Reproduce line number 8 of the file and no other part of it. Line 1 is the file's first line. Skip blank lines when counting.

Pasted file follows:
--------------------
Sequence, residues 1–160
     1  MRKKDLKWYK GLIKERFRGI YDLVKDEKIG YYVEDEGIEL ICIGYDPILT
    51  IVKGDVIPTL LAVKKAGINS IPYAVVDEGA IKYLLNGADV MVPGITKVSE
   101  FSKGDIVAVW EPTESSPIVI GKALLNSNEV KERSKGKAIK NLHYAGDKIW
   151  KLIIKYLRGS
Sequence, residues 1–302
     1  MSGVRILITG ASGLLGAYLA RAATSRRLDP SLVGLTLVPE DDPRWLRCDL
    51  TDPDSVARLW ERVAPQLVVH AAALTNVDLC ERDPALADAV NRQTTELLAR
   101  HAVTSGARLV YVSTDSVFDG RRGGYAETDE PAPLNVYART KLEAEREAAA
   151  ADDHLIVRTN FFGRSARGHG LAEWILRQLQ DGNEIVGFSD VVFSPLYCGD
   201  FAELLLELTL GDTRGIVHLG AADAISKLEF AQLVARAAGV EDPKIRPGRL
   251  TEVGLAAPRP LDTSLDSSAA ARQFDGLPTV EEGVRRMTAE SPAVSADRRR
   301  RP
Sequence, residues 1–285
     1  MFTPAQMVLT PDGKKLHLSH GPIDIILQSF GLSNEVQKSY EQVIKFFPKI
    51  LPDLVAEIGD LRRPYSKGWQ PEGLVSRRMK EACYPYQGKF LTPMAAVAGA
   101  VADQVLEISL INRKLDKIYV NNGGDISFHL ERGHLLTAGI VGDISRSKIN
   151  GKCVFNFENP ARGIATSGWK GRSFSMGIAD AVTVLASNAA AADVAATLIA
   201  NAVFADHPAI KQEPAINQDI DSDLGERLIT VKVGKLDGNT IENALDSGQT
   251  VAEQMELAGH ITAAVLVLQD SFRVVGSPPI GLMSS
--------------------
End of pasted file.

    51  TDPDSVARLW ERVAPQLVVH AAALTNVDLC ERDPALADAV NRQTTELLAR